25 After Rachel gave birth to Joseph, Jacob said to Laban, “Send me on my way so I can go back to my own homeland. 26 Give me my wives and children, for whom I have served you, and I will be on my way. You know how much work I’ve done for you.”
27 But Laban said to him, “If I have found favor in your eyes, please stay. I have learned by divination that the Lord has blessed me because of you.” 28 He added, “Name your wages, and I will pay them.”
29 Jacob said to him, “You know how I have worked for you and how your livestock has fared under my care. 30 The little you had before I came has increased greatly, and the Lord has blessed you wherever I have been. But now, when may I do something for my own household?”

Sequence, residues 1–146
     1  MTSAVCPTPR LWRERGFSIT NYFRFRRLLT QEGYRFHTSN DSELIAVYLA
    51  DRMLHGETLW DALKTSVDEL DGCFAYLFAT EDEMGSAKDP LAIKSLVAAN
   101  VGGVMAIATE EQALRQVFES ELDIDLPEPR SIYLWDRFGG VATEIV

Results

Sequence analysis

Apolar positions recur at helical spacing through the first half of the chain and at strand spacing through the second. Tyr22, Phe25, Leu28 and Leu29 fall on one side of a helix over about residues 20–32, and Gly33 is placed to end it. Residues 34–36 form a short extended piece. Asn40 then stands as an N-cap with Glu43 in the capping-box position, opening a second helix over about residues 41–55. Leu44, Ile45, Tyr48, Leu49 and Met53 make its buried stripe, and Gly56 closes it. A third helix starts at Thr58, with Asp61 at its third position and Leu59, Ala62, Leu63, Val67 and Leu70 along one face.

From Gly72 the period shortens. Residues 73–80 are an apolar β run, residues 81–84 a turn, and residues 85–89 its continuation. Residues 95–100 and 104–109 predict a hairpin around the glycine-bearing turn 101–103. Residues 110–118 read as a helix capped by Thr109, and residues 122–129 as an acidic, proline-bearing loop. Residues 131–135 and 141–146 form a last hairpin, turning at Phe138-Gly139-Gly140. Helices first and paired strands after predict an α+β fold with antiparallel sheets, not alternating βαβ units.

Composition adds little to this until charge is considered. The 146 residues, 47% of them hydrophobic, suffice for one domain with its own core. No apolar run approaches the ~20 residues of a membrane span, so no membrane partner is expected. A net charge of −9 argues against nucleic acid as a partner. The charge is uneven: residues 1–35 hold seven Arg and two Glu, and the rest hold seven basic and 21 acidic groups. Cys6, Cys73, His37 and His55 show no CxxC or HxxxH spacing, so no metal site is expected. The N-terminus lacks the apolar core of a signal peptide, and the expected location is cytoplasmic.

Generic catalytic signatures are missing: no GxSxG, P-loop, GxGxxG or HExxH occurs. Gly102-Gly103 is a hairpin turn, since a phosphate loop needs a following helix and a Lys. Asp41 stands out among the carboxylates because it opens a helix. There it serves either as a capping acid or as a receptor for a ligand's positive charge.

31 “What shall I give you?” he asked.
“Don’t give me anything,” Jacob replied. “But if you will do this one thing for me, I will go on tending your flocks and watching over them: 32 Let me go through all your flocks today and remove from them every speckled or spotted sheep, every dark-colored lamb and every spotted or speckled goat. They will be my wages. 33 And my honesty will testify for me in the future, whenever you check on the wages you have paid me. Any goat in my possession that is not speckled or spotted, or any lamb that is not dark-colored, will be considered stolen.”
34 “Agreed,” said Laban. “Let it be as you have said.” 35 That same day he removed all the male goats that were streaked or spotted, and all the speckled or spotted female goats (all that had white on them) and all the dark-colored lambs, and he placed them in the care of his sons.36 Then he put a three-day journey between himself and Jacob, while Jacob continued to tend the rest of Laban’s flocks.